Researchers are looking for volunteers to take part in a new study to find out why there is a shortage of organ donations in the UK.
With nearly 7000 people currently waiting for organ transplants in the UK, the study aims to find how people decide whether to donate their own or family members' organs after their death. Dr Glenn Smith from Imperial College London, who is conducting the study, said:
"Previous research tells us that in theory between 50 and 70 per cent of people are happy to donate - however this doesn't come across in practice. We hope this project will help explain why this gap exists between what people say they are happy to do, and what they actually do."
Although there is a shortage of donor organs across all population groups in the UK, the researchers say it is particularly acute within Indo-Asian and Afro-Caribbean communities. This is a problem because these groups generally have higher levels of hypertension and diabetes which can lead to kidney failure, increasing the chances of them needing a kidney transplant.
Dr Smith and his team will be looking at possible factors behind the UK's low donation rate, such as individual or cultural beliefs and trust in the National Health Service. He added:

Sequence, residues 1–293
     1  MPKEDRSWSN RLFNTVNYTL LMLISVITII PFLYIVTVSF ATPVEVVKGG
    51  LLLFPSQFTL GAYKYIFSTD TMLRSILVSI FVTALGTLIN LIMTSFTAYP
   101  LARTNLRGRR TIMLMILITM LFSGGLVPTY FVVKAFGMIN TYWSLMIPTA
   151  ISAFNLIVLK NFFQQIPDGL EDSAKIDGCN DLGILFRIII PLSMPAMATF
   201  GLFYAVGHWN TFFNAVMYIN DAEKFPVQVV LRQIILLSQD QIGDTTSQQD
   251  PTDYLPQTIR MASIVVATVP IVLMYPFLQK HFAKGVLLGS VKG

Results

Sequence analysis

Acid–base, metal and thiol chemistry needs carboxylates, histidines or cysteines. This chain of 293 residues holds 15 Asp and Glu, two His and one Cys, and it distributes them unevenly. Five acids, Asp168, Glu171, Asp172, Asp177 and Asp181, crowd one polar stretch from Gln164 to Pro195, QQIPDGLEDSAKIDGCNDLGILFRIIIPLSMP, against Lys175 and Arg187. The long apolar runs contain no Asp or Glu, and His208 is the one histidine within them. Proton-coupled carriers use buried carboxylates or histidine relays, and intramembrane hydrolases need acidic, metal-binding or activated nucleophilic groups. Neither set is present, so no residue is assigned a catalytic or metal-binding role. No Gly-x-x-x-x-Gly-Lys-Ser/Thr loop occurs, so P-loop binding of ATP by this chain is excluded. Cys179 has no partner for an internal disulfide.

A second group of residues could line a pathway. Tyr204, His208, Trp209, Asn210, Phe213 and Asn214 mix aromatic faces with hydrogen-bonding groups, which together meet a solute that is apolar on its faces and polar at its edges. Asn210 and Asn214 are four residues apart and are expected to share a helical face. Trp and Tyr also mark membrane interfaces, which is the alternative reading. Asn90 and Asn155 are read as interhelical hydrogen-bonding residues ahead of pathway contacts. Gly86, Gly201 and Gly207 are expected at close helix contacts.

"The shortage of donor organs, particularly kidneys, for these ethnic groups is even more problematic because we find that these groups are less likely to donate than those from a White British background. We need to find out why this difference exists."
Although medical technology, such as anti-rejection drugs and therapies, can reduce the risk of a transplant rejection if the donor and recipient are from different ethnic groups, a close match is important to minimise the chance of future complications.
The researchers are looking for volunteers aged 18 and over from Indo-Asian, Afro-Caribbean and White British backgrounds, able to spend between one and two hours being interviewed about their views and experiences of organ donation and transplantation.
The study, funded by Kidney Research UK and the Big Lottery Fund, is launched during National Transplant Week which runs from 9-15 July, with a launch event at the House of Lords.